How to Help Users Connect with Unified Communications

By Gunjan Bhow  |  Posted 2009-06-24 Print this article Print

Today's busy IT professionals are burdened by the demands of doing more with less, which is a common impetus for them to champion unified communications across the enterprise. Unified communications can maximize an enterprise's existing infrastructure and communications investments. And, as Knowledge Center contributor Gunjan Bhow explains here, unified communications can also help enterprises save money and valuable IT support resources.

As more and more companies adopt unified communications due to its collaboration and cost benefits, it's critical to remember that user adoption will ultimately determine if UC deployments are successful. Users can be hesitant to accept new applications, even if they're simpler and more effective in the long run (much to the chagrin of IT managers).

Despite efforts to standardize on innovative communication tools, some users refuse adoption, instead sticking with their old standbys. For example, many an IT staff has been plagued with help desk requests involving Yahoo Messenger and AOL Instant Messenger, regardless of the fact that the company has standardized on Microsoft Office Communicator or IBM Lotus Sametime. Why are employees hesitant toward many of IT's efforts to standardize? The answer is simple: They are unfamiliar and unsatisfied with the experience.

When rolling out UC deployment plans, many organizations fail to consider the endpoint. If they do, they typically leave very little budget allotted for solutions that will truly meet the needs of the user. This can be hazardous to UC adoption, as most employees are characteristically reluctant to change and will not use an interface that is complicated or unfamiliar.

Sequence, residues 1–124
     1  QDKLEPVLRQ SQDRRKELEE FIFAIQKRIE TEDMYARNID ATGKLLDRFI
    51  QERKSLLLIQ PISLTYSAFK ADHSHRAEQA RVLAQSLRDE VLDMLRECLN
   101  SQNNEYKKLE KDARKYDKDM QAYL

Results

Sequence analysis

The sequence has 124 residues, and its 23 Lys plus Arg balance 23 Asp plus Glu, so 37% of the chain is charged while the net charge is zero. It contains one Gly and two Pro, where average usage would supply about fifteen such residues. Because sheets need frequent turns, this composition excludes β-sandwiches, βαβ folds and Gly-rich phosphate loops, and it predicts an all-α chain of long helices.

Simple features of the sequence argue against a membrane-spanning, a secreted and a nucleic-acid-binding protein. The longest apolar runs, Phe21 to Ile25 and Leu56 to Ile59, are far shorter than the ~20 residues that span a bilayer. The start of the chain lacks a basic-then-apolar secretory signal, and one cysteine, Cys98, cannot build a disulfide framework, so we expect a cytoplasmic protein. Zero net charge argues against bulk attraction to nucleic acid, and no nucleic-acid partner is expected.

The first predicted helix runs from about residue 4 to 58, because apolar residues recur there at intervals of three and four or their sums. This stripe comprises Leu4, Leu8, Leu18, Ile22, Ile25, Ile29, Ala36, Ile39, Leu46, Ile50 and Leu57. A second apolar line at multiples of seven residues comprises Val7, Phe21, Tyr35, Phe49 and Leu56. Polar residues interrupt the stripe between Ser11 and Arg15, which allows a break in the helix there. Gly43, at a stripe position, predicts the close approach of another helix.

In many UC environments, where the PC is the main platform for voice and audio, the traditional tactile experience of picking up a phone and dialing to connect with someone is dramatically altered. This could cause some users to forgo the new UC system completely. The IT team should provide employees with endpoint options, including headsets, speakerphones or handsets that require little or no training and are just as easy to use as a desk phone.

Complexity becomes an issue in hybrid UC telephony environments. Professionals might get a call on a desk phone or mobile phone, need to conference in someone via softphone, and later join a Webinar or listen to music through the PC. Depending on the endpoint configuration, complexity could cause frustration for the user and wasted resources for the organization.

Gunjan Bhow is Vice President and General Manager for Unified Communications at Plantronics. In this role, Gunjan is responsible for overall strategy and management of initiatives that enable enterprises to take full benefit of software-based communications. Gunjan brings close to 20 years of experience in rich media software and IP-based communications, covering both consumer and enterprise markets as well as software and hardware. Prior to joining Plantronics, Gunjan was vice president of marketing at Actiontec Electronics where he launched a business that extended the usage of Skype to traditional phones, mobiles and enterprises, being the first-of-kind products in each category. Prior to Actiontec, Gunjan was director of platform product strategy at Microsoft Corporation. In this role, Gunjan led product strategy and business planning for Microsoft's digital TV software, which resulted in millions of deployments. Prior to Microsoft, Gunjan led venture capital investments for Telesystem. His focus was working on emerging mobile data solutions with wireless operators. Gunjan has spoken at conferences worldwide on digital media. Gunjan holds a Bachelor's degree in Electrical Engineering and Computer Science from the University of California at Berkeley and an MBA from Harvard Business School. He can be reached at

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